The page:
SCHAWINSKY. Franco Solmi [preface] and Enrico Brenna [introduction]: XANTI SCHAWINSKY. Milan: Galleria Blu, 1975.

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Franco Solmi [preface] and Enrico Brenna [introduction]

Franco Solmi [preface] and Enrico Brenna [introduction]: XANTI SCHAWINSKY. Milan: Galleria Blu, 1975. First edition. Text in Italian. Slim quarto. Glossy printed stapled wrappers. 24 pp. 4 color images. 24 black and white images. Interior unmarked and very clean. Out-of-print. Minor shelf wear including slight creasing to both the front and back covers, but a nearly fine copy.

6.75 x 9.25 staple-bound book with 24 pages with 12 black-and-white plates and 4 color plates. Printed in conjunction with an exhibition of the same name: Galleria Blu, Milan [May – June 1975]. Includes a timeline, exhibition history, and a catalog of the pieces in the exhibition, which date from 1968–1975.

Alexander “Xanti” Schawinsky (1904, Basel–1979, Locarno) is usually known either for the activities of his early career, as a young ‘enfant terrible’ of Bauhaus theatre, or for the work he produced at its close as a respected and mature abstract artist. However these two perspectives ignore his tremendous versatility, and the important role he had to play in bringing Modernist ideas to different parts of the inter-war world.

Schawinsky was born in Switzerland, the son of a Polish Jew. His creative nature was obvious from an early age, and in his teens he studied art and music in Zurich, before travelling to Berlin and Cologne to learn about design and architecture. In 1924 he enrolled at the Bauhaus, and became involved in the school’s vibrant theatrical scene, also focusing on photography and painting. From the mid 1920s Schawinsky undertook wide range of professional commissions, working as a stage designer, a municipal studio director and a freelance designer. He also returned to the Bauhaus to teach.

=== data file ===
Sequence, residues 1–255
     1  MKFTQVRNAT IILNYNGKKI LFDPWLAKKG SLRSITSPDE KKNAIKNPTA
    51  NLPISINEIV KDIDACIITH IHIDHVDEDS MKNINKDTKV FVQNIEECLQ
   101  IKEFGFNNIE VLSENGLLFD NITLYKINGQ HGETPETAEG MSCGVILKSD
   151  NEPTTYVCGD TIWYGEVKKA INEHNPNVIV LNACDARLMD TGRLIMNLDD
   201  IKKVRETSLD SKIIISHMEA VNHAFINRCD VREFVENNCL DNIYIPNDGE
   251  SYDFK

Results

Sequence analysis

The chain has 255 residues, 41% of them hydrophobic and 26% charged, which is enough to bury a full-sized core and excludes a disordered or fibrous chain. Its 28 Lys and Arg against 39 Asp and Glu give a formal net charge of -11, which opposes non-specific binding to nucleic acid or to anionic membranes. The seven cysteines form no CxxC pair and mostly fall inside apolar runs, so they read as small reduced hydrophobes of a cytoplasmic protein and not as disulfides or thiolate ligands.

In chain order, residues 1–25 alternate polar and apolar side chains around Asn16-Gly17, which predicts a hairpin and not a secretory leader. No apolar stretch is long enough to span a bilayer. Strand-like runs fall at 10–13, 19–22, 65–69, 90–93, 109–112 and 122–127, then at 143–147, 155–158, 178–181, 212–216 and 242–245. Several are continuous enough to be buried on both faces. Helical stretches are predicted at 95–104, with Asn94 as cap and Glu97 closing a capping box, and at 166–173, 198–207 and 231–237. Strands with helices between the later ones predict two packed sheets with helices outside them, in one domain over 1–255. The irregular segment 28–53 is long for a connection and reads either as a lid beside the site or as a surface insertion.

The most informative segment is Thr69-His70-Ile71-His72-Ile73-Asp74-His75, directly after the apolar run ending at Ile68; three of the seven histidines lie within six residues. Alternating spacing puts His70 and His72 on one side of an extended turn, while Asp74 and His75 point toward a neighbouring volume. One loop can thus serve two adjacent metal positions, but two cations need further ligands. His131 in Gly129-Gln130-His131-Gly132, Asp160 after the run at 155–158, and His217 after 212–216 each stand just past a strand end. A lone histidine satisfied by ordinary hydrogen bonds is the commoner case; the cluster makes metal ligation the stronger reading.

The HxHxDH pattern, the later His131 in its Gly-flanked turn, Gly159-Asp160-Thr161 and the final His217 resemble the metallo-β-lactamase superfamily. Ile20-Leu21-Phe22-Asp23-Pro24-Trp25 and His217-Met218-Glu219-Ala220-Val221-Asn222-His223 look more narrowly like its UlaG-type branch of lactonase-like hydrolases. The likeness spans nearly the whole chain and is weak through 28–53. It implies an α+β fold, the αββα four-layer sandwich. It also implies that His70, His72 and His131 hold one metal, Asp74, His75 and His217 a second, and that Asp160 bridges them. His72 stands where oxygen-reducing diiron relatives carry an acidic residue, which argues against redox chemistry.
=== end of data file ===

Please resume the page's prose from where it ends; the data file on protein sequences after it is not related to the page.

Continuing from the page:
In 1933 Germany’s growing intolerance forced him to move to Milan, where he spent several years producing commercial graphic design in association with Studio Boggeri. An invitation to join the progressive Black Mountain College brought him to the USA in 1936. He spent two years at Black Mountain introducing Bauhaus ideas to his American students, before moving to New York to take up freelance design and pursue painting – an activity which absorbed almost all of his attention in his final years. As innovative in commercial art as he was in his unpaid pieces, Schawinsky’s work demonstrated the huge creative power of the inter-war meeting of art and industry.